‘Beyond King Tut’ at National Geographic  

The world’s largest archaeological museum is due to open next month a mile from the Egyptian Pyramids — possibly on Nov. 4, the day in 1922 that a 12-year-old water carrier uncovered a carved step leading to the tomb of Tutankhamun (in one version of the story).   

Or perhaps the museum will open on Nov. 26, 100 years from the day British archaeologist Howard Carter poked a candle in, reporting to Lord Carnarvon, his anxious patron: “It is wonderful!”  

That it was. Nearly intact, the tomb contained 5,398 objects: six chariots, 29 chairs (including three thrones), bows, arrows, shields, armor, tunics, loincloths, nearly 100 sandals, more than 100 canes, boxes for grain and fruit and jars for wine and beer.  

Among the art and jewelry — some stolen in antiquity — was an object that became Mona Lisa famous: the 22-pound funerary mask of the last 18th Dynasty pharaoh.  

Depicting his face with braided beard (accidentally knocked off in 2014, then reattached), framed by a vulture-and-cobra-topped headdress with stripes of gold and blue glass, the glowing mask transfixes visitors to the National Geographic Museum’s current exhibition. But neither it nor any of the other artifacts — soon going on view at the Grand Egyptian Museum — are in Washington, D.C.   

“Beyond King Tut: The Immersive Experience” conjures the boy king’s astounding tale out of thin air.  

Photo by Richard Selden.

Each handful of visitors begins with a short video about Tutankhamen, who assumed the throne at age 8 or 9 around 1332 B.C.E. “Ten years later, the boy king is dead” — from malaria or an infected broken leg. He is known to have had a cleft palate, a curved spine and a clubbed foot (explains the canes).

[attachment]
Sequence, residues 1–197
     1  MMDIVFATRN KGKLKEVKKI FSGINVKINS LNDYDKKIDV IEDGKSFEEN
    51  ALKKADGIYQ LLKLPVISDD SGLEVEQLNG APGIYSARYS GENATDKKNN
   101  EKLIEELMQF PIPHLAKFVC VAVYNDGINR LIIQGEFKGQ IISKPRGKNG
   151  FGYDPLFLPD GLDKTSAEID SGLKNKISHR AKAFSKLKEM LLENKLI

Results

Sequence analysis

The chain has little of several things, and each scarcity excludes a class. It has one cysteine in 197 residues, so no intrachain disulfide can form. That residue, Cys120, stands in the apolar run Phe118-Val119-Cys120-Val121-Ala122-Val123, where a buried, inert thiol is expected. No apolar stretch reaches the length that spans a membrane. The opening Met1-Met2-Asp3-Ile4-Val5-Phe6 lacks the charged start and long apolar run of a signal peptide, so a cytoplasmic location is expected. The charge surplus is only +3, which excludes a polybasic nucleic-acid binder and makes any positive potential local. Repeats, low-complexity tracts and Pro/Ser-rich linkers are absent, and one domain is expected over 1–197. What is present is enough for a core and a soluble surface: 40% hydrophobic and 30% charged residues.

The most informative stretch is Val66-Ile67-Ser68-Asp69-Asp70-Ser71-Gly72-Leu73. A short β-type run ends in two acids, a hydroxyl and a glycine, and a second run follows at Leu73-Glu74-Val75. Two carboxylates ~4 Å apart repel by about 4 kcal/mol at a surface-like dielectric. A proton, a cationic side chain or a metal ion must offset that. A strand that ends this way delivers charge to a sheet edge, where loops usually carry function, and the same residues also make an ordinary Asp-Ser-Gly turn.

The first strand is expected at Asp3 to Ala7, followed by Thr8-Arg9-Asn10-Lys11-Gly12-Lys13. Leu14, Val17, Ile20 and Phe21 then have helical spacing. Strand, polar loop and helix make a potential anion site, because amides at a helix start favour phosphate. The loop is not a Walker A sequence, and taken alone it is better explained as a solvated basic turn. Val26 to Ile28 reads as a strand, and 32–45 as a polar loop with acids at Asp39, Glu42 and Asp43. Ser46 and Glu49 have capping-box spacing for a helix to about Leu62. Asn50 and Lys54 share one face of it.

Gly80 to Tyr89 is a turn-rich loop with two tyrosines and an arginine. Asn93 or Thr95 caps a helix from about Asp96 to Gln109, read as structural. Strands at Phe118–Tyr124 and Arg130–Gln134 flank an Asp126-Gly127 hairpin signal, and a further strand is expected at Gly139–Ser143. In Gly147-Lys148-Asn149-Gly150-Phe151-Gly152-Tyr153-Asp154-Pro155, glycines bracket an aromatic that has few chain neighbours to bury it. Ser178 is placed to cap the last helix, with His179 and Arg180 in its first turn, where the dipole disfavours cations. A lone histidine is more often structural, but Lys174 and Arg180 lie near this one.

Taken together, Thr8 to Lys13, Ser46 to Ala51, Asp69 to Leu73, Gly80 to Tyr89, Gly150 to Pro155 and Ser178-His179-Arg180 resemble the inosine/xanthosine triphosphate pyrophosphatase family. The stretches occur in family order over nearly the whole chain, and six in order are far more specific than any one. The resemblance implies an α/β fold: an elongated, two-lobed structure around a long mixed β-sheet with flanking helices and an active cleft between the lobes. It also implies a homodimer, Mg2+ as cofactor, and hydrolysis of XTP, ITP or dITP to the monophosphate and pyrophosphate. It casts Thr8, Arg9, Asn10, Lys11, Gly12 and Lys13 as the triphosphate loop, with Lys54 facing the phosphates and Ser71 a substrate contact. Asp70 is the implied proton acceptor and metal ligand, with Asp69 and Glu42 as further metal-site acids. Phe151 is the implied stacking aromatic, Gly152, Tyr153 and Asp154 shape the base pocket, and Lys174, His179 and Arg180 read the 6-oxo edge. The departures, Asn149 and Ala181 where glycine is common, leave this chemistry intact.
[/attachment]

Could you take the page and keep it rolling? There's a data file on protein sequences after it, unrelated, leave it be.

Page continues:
Tutankhamun means “living image of Amun,” king of the gods. During his reign, his father Akhenaten’s revolutionary move toward monotheism was reversed and Thebes (now Luxor) restored as Egypt’s capital. Archaeologists offer commentary in the video, but there is already a sense of “movie magic” in the Indiana Jones-like soundtrack and a motes motif that later reappears as dust, sand, ashes and flecks of gold.   

As if following along tomb passageways, visitors then make their way through explanatory galleries, reading text and viewing images through rough openings in faux stone walls.   

Next: the burial chamber, with a structure mimicking the sarcophagus. Here, a sound-and-light show plays as visitors face a mural of 12 baboons, representing the 12 hours of night, and other painted scenes.   

After the burial chamber comes a wide corridor with suspended replicas of small boats, a chair, a chariot and so on. Text and images cover topics such as Tutankhamun’s family tree and the board game Senet. The corridor leads to a wall-size image of the front of the funerary mask and, behind it, of the less-familiar back. Beyond are galleries titled Between the Linens, Verses for Immortality and… Journey to the Afterlife.  

Photo by Richard Selden.

In this large space, visitors are enveloped by an “artistic interpretation of the journey through the Netherworld” lasting about half an hour. For those who wish to sit, ottomans are provided (the floor, bombarded with moving patterns, is also available). Psychedelic, kaleidoscopic, Kusama-esque — this is the immersive climax. Some quotes: “You will not be alone!” “Sail on in your barge, Tut!” “Will your voice be more righteous than that of your adversaries?”  

This trippy episode ends with “The new day, at last” — a landscape bringing to mind the animated Beatles film “Yellow Submarine.” Visitors then get a final dose of rationality: highlights of what science, in the form of scans and DNA analysis, has revealed about this short-lived ruler of more than three millennia ago, the pharaoh known to all as King Tut.      


“Beyond King Tut”  

Open daily, 10 a.m. to 6 p.m.  

Through Feb. 6, 2023  

National Geographic Museum  

1145 17th St. NW  







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